Woodford Investment Management

Dear Friend

Included in this edition of our e-newsletter …





So the latest is that the FCA will not investigate its own handling of the matter.

Perhaps that is acceptable as these things can happen even to the most reputable of funds or groups I guess.  However, here are a few points which might warrant consideration.  I repeat, we did not support the funds at launch and nor since but have been buying shares in Woodford Patient Capital Trust at very depressed levels albeit too soon in some respects.  I did not support their launch either (nor the WPCT launch) and indeed tried to ensure people were dissuaded from buying them.  Some of the reasons are the same as to why I do not and should not buy Terry Smith or Nick Train’s holdings either but that’s another story!  Perhaps that is why and what our clients engage us to decide.  However, the change of manager on the Trust now has given us a useful boost!

  1. The engagement of unlisted securities within a maximum percentage holding range is not awry but clearly if then the overall asset value of the fund drops then this can place a disproportionate impact upon the fund as the manager will struggle to sell those holdings to stay within the cap perhaps.  Fair enough and ‘gating’ the fund is possible (meaning that withdrawals are stopped to protect all holders).  However, when Woodford Investment Management listed some of these companies on the Guernsey Stock Exchange to circumvent the ‘unlisted’ criteria, alarm bells should have been ringing.  That did not make them any more saleable than before.  If we knew this because we read the news… why did the FCA not see it too?
  1. When the unitised holdings wrapped-up all the unlisted assets and sold them to the quoted closed-end vehicle (for £73million at the time), Woodford Patient Capital, in reality that too was fine because it dealt with the issue of unlisted securities (though conflicts of interests will have been discussed by the various parties of course and if not, why not).  However, what was not so fine was that the price was at 96.67p – the then quoted asset value of the quoted Trust and comprising just under 10% of that vehicle’s total shares in issue.  This was 81.6million shares and priced at a 16% premium to the Trust’s market value and which has been as low as 29p, so a loss of over two-thirds (£49million) has now ensued despite most of those assets not having lost anything like that in value (but granted there are some write-downs).  Yes, I know that there are ‘rules’ about issuing new shares but the deal could have been orchestrated through the market and at least at the market value perhaps and if the level was so awry (as it was) then that may have suggested it did not proceed at all.  We said this at the time.  Now the enforced sale of this chunk of stock has and will suppress the price at which Woodford Patient Capital Trust shares will trade – inevitably as there is not a surplus of buyers there at present (and should the unitised funds be selling this holding at such a deep discount now anyway but the unitholders have no choice – maybe they should be allotted those shares as part of the liquidation process to make their own decisions later?)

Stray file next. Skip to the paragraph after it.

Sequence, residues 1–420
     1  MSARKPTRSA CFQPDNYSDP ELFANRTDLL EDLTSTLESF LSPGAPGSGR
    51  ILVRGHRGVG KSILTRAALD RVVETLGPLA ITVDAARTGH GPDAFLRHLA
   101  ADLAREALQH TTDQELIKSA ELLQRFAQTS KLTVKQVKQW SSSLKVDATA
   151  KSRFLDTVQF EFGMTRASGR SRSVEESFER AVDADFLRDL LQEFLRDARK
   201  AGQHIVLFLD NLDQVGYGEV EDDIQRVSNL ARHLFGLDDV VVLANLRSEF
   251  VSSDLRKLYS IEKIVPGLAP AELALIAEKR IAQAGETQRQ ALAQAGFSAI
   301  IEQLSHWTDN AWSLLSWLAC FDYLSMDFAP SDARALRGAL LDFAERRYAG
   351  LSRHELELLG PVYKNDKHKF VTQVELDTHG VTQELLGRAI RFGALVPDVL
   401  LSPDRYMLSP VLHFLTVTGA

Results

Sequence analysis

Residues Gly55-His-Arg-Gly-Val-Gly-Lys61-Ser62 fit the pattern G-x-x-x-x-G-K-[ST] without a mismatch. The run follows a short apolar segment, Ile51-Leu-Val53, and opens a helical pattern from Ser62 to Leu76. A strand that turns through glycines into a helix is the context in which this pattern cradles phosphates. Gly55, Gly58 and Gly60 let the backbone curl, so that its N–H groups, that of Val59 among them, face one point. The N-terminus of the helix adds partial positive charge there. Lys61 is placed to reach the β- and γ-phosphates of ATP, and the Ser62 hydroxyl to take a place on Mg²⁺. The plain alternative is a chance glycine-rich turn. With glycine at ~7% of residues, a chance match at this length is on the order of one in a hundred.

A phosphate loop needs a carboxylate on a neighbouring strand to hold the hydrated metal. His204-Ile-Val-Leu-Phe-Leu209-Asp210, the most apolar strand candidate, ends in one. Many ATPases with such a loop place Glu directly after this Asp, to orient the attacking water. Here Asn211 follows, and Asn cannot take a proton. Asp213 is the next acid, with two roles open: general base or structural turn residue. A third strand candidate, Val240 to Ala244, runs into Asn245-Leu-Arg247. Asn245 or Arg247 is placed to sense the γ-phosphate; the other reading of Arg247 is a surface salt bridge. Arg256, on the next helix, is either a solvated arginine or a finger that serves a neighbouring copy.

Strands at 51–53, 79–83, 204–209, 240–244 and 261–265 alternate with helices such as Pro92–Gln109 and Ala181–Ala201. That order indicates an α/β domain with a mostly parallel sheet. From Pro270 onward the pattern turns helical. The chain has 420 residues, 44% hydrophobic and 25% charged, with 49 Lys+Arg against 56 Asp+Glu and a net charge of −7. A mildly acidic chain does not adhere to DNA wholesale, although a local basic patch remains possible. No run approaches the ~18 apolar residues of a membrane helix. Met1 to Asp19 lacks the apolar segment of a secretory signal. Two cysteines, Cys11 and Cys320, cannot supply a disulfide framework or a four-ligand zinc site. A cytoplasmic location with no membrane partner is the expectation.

1. The unitised holdings are going to be wound-up.  This is still a potentially £3billion pot.  Should not the Regulator be involved in that prior consideration to decide if that is indeed the best route for unitholders?  I have stated that in my view I doubt that such action is the best thing at all.  Yes, commercial decisions are involved too but the financial security and losses of the unitholders are paramount and having the forced sale of known assets on a fire-sale basis is unlikely to be the best thing to do and it has also caused the implosion of the management company.  Perhaps there were many holders who would have been happy to have remained with the Woodford rump to see if it recovered and without the forced sales – should they not have been given the option?  These are regulatory questions of intervention and decision and questions could easily have been asked of unitholders, with a tightened regulatory regime imposed upon the regulated entity – Woodford Investment Management Ltd.
  1. When Mr Woodford delayed the disclosure of his £1million sale of Woodford Patient Capital Trust shares (whether required under the rules or not) it would have been prudent and demonstrate integrity had this been disclosed immediately.
  1. Registrars are not required to be authorised by regulators – what does that mean?  It means that sometimes those ‘others’ involved in the process can escape regulatory scrutiny and action and as other subsidiaries are regulated, it can misleadingly give the impression that all parts of an entity have full regulation protection when it is needed.  (We have raised this matter before with the Regulator in general terms previously but to no avail – for example penal and inequitable charges for lost certificates and dividend cheques and indeed, protocols for dealing with unpaid dividends and searches for missing shareholders.  Remember, these entities are responsible for the vast majority of all securities so a vast sum!).  There are also trustees, administrators, auditors, etc and not all of them need to be regulated in that way to perform their activities and sometimes too, related activities can occur in other jurisdictions such as the Channel Islands and are the protections there as robust as we should hope they are on the Mainland?